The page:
A certain party whose leader was recently made bankrupt is technically insolvent, in that its liabilities exceed its assets by a considerable margin.
One of the organs of ‘antifascism’ has recently claimed that this party’s members will be held jointly and severally liable for the party’s debts, if or when it is wound up by order of the High Court.
This is not true. I have seen a professional and independent legal opinion which states that the individual members of an unincorporated association (which is what this party is in legal parlance) have no liability for its debts. Provided they are not registered officers of the party (registered with the Electoral Commission, that is) they should be in the clear.
The same organ of ‘antifascism’ has also reproduced the same fraudulent claim by an obscure splinter group of the insolvent party, as if this adds to the claim’s credibility rather than detracts from it. This particular splinter is always promising to fight an election, but for some strange reason never quite gets around to it (Patria has been around less than half as long and we have fought three). Perhaps there’s not enough profit in it for what is at root a commercial organization – a business.
It is not unlikely that the insolvent party will in fact be wound up and de-registered before the end of the year. But grass roots members of that party need not be concerned that they will be held liable for its debts. Whether it is wound up or not – they won’t.
Of course, it is also true that any moneys members may send to the party (subscriptions, donations, etc) are very likely to be sequestrated by its bankrupt leader’s court appointed Trustee in Bankruptcy, for the benefit of the bankrupt’s creditors. This is hardly likely to be regarded by members as a good use of their hard-earned money. And so they may well stop sending it. No doubt they and their families can find other uses for it.
It should surprise no one that the enemies of our country and our people, the traitors of ‘antifascism’, promote the dross of nationalism while affecting to ignore Patria, the decent up-and-coming patriotic party. If you were in the position of the ‘antifascists’ you too would want to publicize the worst about your opponents, not the best in the ranks of patriotism. This is why they harp on endlessly about the moribund insolvent party, its bankrupt (in more senses than one) leader and his erstwhile ‘business’ partner.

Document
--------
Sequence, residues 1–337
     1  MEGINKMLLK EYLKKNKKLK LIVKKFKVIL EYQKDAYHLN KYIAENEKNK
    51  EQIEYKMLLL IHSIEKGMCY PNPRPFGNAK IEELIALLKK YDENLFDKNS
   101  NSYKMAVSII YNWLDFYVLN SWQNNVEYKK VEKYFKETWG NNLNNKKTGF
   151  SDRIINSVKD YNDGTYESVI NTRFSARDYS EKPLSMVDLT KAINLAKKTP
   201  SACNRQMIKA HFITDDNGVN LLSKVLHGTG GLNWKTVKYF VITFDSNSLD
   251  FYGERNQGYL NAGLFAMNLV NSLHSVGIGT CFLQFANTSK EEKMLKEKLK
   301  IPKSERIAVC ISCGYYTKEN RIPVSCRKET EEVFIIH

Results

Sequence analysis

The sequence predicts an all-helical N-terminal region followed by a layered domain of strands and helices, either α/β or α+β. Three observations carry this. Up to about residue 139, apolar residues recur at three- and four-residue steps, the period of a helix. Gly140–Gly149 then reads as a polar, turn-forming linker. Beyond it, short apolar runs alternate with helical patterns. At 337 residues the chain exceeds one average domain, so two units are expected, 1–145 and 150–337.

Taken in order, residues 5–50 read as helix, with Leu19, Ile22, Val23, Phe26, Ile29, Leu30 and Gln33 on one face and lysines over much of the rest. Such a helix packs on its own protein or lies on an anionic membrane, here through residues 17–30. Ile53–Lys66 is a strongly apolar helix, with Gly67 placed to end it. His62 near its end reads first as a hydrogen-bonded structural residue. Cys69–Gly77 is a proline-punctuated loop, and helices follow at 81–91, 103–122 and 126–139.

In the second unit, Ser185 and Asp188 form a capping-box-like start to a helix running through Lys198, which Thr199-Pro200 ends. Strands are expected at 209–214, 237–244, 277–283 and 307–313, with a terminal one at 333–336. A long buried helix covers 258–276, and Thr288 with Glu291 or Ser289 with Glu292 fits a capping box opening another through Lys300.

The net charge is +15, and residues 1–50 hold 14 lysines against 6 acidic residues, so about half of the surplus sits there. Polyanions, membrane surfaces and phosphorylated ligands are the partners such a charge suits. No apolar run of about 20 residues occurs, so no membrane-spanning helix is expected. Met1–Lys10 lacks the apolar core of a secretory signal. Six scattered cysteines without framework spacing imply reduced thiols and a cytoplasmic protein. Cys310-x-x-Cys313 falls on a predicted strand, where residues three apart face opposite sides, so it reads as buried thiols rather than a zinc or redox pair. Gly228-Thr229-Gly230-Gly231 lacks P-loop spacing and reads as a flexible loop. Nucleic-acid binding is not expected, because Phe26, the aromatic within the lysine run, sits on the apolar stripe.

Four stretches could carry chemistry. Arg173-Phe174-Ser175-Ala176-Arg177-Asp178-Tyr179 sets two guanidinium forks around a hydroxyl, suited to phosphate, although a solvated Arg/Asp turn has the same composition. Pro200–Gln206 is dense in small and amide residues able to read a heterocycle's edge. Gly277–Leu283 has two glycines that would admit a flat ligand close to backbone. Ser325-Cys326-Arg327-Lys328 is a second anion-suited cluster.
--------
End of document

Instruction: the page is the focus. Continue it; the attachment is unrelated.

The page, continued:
As I have explained in the past: ‘antifascism’, which is nothing more than the hireling of the rotten Establishment’s political arm, Lib-Lab-Con, has a symbiotic relationship with the discredited rump of British nationalism. Each needs the other in order to validate their continued existence, to justify the continuation of the revenue stream from their respective donors.
The emergence of a decent and serious patriotic alternative, such as Patria, threatens the cosy status quo of both so-called nationalism of the Bankrupt National Party/Business First variety and ‘antifascism’, in the way that nothing else can. This is why, behind the facade of hostility, the stagy insults on their respective web sites, they actually have a comfortable modus vivendi with each other. Each knows and understands the other of old.
Professional ‘antifascists’ knew that the leader of the Bankrupt National Party was never seriously interested in winning political power and would settle for money and the luxurious trappings of (an MEP’s) office; while the more perspicacious among nationalists are aware that the professional ‘antifascists’ (ie, those on the Establishment’s payroll) talk up the bogy of fascism, with tongue firmly in cheek, in order to justify and if possible increase, the funding from their paymasters.
The bankrupt’s barrack-room lawyer recently even left a helpful comment on one of the ‘antifascist’ web sites. It’s a regular ‘love-in’.
In fine, disreputable, dishonest and loutish nationalist ‘leaders’ and cynical, traitorous and greedy professional ‘antifascists’ are two sides of the same bad penny.
Cable Street it’s not. Queer Street? I should say.